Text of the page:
Moshe Feiglin, the head of the Jewish Leadership Movement who recently landed the 20th slot on the Likud roster for the upcoming general elections, was bumped to the unrealistic 36th spot by the party's Elections Committee on Thursday. Through his media advisor, Feiglin said he would not appeal the decision in court.
Just hours earlier Fieglin vowed the battle was far from over. Speaking with Ynet he said: "It's clear to me that there will have to be a legal battle," he said. "I am confident we will win this battle because the constitution is not up for interpretation. The Likud will lose this battle.
"The Elections Committee is composed of politicians and it couldn't stand the enormous pressure placed on it by Bibi and his staff.... Now the matter is being transferred to the courts. I know the Likud and the public is with me, and that everyone understands Netanyahu is making a fool of himself. The truth will come out and nothing will help him."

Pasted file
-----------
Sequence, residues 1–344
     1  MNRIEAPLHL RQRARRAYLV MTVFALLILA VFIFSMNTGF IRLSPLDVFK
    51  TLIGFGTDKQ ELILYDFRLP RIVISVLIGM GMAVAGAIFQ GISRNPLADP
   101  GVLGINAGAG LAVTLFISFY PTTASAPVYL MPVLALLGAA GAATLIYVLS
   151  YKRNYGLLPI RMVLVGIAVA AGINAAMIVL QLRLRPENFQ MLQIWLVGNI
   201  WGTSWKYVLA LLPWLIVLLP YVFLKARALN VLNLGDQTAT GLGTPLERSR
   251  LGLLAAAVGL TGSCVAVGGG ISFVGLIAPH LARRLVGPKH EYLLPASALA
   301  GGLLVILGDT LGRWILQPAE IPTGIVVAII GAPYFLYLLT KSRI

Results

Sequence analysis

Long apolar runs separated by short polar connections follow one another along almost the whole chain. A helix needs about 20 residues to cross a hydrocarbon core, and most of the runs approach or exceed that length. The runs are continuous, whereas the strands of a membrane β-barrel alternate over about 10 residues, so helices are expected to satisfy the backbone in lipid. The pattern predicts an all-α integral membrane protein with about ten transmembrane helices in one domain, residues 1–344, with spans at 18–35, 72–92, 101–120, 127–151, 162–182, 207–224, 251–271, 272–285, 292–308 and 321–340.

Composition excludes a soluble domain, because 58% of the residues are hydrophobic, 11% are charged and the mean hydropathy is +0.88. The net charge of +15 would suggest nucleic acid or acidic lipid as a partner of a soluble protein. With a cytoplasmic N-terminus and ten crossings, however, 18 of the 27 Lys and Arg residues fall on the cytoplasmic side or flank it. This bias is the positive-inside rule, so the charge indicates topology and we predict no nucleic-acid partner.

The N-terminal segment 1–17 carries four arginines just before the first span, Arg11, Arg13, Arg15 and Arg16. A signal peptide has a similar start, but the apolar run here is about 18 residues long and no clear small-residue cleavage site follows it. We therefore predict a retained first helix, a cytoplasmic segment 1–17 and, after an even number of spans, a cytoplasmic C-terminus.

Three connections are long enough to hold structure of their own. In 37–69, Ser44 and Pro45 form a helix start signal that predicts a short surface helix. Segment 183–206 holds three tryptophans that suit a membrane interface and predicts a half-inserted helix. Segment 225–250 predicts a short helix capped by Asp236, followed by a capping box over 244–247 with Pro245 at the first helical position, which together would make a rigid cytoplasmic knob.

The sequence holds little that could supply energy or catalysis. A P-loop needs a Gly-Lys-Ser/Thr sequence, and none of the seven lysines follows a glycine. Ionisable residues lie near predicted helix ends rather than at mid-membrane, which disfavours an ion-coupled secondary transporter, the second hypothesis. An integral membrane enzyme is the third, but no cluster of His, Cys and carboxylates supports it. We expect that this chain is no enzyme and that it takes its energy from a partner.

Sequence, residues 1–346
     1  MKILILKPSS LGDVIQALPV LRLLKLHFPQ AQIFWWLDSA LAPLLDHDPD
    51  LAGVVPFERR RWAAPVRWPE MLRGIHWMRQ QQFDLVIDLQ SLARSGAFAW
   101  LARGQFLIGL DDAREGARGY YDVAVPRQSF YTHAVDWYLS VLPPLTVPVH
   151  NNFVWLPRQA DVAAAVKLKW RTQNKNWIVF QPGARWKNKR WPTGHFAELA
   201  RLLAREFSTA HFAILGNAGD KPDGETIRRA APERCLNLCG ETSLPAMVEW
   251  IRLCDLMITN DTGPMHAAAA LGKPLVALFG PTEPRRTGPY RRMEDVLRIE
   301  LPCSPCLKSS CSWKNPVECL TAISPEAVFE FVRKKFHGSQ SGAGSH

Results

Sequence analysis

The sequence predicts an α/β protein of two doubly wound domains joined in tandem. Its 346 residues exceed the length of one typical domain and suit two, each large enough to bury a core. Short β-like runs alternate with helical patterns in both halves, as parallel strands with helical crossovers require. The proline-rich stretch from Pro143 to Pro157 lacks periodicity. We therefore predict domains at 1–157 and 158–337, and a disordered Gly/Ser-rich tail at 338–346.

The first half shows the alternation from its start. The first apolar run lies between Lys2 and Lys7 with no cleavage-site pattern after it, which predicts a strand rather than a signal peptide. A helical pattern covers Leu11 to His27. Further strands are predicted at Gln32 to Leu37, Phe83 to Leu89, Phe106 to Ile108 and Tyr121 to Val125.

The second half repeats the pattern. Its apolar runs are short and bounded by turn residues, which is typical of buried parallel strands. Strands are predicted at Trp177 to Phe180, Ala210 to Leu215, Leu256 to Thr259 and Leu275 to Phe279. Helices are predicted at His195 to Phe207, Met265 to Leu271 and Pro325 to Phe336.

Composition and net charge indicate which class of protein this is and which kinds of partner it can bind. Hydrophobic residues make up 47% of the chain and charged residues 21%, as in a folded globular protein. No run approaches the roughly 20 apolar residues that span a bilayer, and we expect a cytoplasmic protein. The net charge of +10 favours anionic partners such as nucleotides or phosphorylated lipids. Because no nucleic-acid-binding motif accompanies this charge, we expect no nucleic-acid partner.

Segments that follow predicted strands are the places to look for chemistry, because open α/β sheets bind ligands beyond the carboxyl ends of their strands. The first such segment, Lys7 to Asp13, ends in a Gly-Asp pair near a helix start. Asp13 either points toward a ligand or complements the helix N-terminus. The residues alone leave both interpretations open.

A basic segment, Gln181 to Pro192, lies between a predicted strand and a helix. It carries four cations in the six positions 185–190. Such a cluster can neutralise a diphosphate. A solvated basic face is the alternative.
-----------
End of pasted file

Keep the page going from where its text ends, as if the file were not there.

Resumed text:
The petition against Feiglin was submitted by Ophir Ekonis, number 28 on the roster and a close associate of Likud Chairman Benjamin Netanyahu.
In the petition Akunis claimed that since the women in the party were elected to higher positions than the slots secured for them, those slots should go to the members elected by the districts, such as Akunis, who was elected by the Tel Aviv district.
He claimed these members should be allotted the higher slots at the expense of the nationally elected members, such as Feiglin. The decision places Feiglin in a slot that may not grant him the status of MK in the next Knesset, as recent polls have awarded the Likud no more than 30 mandates.
Likud hardliner Moshe Feiglin's communications director, Amnon Shomrom, said that he was not surprised by the party's Elections Committee decision to demote Feiglin to the 36th slot on its Knesset roster, despite his winning the No. 20 slot in the primaries.
"The Netanyahu committee is simply complying with the chairman's every demand," he said, adding that Feiglin's will use every legal recourse at his disposal to overturn the decision, including filing a High Court petition against it.